Withdrawals 6 billion
Madoff take 1 billion
Found by Trustee 1 billion

These number are submitted for illustrative purposes only. I made them all up without a shred of evidence. Let me know what you think.

Cheers, Mike


Jim Rogers is a very bright and entertaining fellow. I have read two of his books which I highly recommend. The first one is I read was Investment Biker. The second book I read was Adventure Capitalist: The Ultimate Road Trip. They are great reads, both informative and entertaining. I highly recommend them with a new map of the world from Barnes & Noble. This way you can follow him around the world to new countries you have never heard of before. Most of them end in 'stan'.

Anyway, Jim Rogers made the case on CNBC yesterday that AIG should be allowed to fail rather than it and other failing financial institutions take down the US. I haven't studied the issue, but my visceral thought is that AIG should not be allowed to fail like Lehman. The unplanned bankruptcy resulted in a greater dissipation of value. Many of Lehman's profitable financial contracts (many of them credit default swaps) lost much of their value by giving the counterparties leverage they wouldn't have had if Lehman was allowed to orderly winddown much of its portfolios. And, of course, Lehman's negative positions rendered those counterparties unpaid creditors.

Letting AIG fail at this time will likely result in even greater destruction of value than is occurring. So the question is, 'who is currently getting the benefit of this value?' Interestingly, many of the AIG counterparties who are owed money by AIG are benefiting from the Government's stream of capital infusions. Many of these counterparties are the same financial institutions that are receiving TARP funds at least according to Hank Greenberg the former Chairman of AIG. It all makes for interesting bedfellows and cascading unintended consequences.

If I had to have an answer by noon today, I would suggest splitting AIG into its various core businesses. Some of those businesses are presumable profitable and being tainted by the credit default swap portfolio. I would separate out the CDS portfolio and put in a new team to work it down. And then I would indicate what funds are going where so as to make the issues as transparent as possible.

It does make you wonder why it isn't so transparent.

Cheers, Mike


Calling all leaders! You can not develop talent without candid feedback and coaching.

An anonymous but wise individual once said, "Good management is not only the gift of identifying talent, but the art of selective recognition of strengths and weaknesses, and the proper encouragement of the best in any man or woman."

One of the stories in our book is Spend More Time with Your Stars, Not Your Duds. This entire post is about the time you spend with your stars. You can help them develop and be even better then they thought possible, if you give them candid feedback and coaching.

Let's start with the feedback:
  • Feedback must be VERY candid and honest. Do not sugar coat. Be straight forward.
  • Feedback should be timely. On your way back from the sales call, not 3 months later.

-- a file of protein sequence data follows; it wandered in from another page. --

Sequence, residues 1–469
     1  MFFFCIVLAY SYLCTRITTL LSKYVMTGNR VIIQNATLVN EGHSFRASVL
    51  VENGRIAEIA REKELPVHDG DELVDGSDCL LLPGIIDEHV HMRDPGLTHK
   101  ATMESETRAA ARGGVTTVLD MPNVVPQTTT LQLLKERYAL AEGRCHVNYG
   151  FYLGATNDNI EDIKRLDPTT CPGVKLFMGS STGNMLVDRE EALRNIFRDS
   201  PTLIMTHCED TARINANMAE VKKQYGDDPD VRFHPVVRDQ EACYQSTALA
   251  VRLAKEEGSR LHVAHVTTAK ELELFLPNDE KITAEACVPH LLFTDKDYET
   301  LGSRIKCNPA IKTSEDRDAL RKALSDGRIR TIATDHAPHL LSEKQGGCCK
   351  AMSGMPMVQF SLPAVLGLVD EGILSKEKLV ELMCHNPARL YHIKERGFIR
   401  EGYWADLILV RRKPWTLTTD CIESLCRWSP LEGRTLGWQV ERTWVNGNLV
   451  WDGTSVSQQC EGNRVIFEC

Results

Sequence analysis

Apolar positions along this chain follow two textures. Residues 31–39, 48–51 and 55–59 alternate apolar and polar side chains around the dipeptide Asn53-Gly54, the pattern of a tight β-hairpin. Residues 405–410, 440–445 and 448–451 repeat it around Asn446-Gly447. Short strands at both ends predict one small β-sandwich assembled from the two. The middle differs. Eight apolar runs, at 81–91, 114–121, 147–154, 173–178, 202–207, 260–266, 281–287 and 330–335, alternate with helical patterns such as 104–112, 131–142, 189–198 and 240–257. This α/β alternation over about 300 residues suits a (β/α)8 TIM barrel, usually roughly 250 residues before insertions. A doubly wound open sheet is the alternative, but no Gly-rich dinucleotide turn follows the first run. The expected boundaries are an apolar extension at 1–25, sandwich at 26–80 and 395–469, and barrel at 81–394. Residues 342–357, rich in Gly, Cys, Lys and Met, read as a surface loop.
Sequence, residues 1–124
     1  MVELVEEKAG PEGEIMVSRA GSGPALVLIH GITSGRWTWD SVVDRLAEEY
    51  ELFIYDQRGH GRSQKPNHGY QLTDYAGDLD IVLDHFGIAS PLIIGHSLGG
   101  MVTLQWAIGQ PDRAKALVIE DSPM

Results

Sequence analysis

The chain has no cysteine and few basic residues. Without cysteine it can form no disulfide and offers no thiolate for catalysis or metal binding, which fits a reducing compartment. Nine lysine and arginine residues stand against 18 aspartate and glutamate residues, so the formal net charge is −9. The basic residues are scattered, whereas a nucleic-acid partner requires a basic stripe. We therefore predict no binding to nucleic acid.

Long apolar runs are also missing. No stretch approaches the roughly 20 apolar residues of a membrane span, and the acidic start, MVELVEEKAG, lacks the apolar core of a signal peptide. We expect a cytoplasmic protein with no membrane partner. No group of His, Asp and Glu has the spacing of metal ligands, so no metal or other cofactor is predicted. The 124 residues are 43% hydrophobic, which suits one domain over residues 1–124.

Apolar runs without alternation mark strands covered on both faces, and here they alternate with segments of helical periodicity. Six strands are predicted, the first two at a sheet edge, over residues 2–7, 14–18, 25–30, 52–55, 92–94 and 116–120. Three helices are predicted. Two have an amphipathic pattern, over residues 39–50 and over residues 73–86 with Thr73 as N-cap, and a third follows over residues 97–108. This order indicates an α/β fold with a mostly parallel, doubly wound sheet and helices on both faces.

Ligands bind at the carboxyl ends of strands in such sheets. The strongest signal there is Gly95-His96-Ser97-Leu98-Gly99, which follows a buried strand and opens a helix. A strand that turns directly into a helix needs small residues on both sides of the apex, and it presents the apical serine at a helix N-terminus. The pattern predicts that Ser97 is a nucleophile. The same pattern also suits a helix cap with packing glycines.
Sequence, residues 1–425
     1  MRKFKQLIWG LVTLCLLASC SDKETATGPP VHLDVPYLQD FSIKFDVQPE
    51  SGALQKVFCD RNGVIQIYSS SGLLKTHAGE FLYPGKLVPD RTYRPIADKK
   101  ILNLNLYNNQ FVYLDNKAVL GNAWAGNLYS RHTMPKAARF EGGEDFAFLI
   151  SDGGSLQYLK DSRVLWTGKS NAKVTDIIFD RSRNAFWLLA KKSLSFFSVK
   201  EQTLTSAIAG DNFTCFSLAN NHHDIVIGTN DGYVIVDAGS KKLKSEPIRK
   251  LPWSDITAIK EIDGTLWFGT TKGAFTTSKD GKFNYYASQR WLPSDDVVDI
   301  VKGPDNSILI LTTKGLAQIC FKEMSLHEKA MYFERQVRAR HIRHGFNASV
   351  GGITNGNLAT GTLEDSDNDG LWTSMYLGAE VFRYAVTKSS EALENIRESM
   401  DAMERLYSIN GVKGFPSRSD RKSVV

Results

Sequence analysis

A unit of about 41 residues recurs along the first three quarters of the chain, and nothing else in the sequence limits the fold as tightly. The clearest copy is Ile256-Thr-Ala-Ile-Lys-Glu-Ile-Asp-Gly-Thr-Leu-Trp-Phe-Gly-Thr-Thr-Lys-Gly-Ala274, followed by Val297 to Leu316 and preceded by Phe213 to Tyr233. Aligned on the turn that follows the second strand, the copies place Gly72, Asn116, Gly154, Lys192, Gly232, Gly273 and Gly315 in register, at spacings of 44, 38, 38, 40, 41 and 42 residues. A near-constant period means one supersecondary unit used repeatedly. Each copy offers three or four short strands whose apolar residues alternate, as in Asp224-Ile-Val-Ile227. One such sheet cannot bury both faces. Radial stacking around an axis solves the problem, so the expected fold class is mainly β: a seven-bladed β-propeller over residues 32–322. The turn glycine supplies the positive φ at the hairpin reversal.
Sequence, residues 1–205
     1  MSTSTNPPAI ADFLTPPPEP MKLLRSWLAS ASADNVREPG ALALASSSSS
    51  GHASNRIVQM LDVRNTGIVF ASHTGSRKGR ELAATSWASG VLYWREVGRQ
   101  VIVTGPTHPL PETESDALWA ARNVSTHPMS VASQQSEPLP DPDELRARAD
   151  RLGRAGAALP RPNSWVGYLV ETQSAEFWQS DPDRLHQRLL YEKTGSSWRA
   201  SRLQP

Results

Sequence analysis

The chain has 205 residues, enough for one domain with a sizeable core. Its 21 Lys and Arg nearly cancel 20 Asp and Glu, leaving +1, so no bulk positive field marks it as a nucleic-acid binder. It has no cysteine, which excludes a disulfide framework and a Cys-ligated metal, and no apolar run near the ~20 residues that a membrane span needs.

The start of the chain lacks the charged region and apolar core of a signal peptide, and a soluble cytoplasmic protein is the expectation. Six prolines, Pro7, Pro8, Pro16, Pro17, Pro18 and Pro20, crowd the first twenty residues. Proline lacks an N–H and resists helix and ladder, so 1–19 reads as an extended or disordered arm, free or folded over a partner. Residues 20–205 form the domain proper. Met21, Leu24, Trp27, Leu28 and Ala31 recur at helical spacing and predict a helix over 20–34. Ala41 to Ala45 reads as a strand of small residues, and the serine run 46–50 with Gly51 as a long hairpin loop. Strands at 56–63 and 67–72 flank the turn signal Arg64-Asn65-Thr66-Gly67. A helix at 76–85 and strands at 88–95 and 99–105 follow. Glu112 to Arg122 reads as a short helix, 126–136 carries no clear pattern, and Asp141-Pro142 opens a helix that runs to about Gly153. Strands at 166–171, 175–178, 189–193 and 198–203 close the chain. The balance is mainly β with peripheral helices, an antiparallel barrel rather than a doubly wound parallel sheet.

• Informal and formal feedback are both required and should be consistent.
  • Tell them what YOU think, don't pass the buck by saying this is what others are saying.
  • Be specific. 'You were great' is just as useless as 'you were awful'. Instead, you were great can be followed by- when you answered the client's question because you were confident and spelled out the three things we would do for them that was different from our competitor. 'You were awful' can be followed by, 'I was so surprised when you hesitated when the client asked that question. You knew the answers, why were you so hesitant? It made us seem unsure of our action plan'.
  • Provide positive feedback as well as constructive criticisms
Now, let's move on to coaching:

The best feedback still needs to be backed up by coaching. So now, I know what I did wrong but how can I fix it? Or, thanks for the positive feedback. How can my strengths be leveraged for even better results? How can I advance my career?
  • Candidness is required here as well. What do they need to do to improve? How can they leverage their strengths to continue to succeed? What else do they need in their skills portfolio to achieve their goals?
  • Make sure you know what are THEIR goals- not yours projected on to them.
  • Make a specific plan of action
  • What are you as the leader willing to do to help?
There is an article on the subject How to Provide Feedback That Has an Impact.

Leaders need to provide candid feedback and coaching to ALL employees.

Leaders need to provide more feedback and coaching to their stars. The ROI is better then when done with under performers.

Now, why is this especially true for women as the title of this post asserts? In my experience, this is often one of the unintentional disservices done to women in business. The feedback is sugar coated. The coaching is often superficial.

Over the years, when I was the leader reviewing the overall ratings and promotion recommendations, I noticed that sometimes the verbal comments I was told did not coincide with the written evaluations. The written was more positive then the verbal. As I asked more questions and eventually asked why didn't you tell them that, the answer was "I didn't want to be too hard on them". I also noted that while not done exclusively to women it was done more often to them.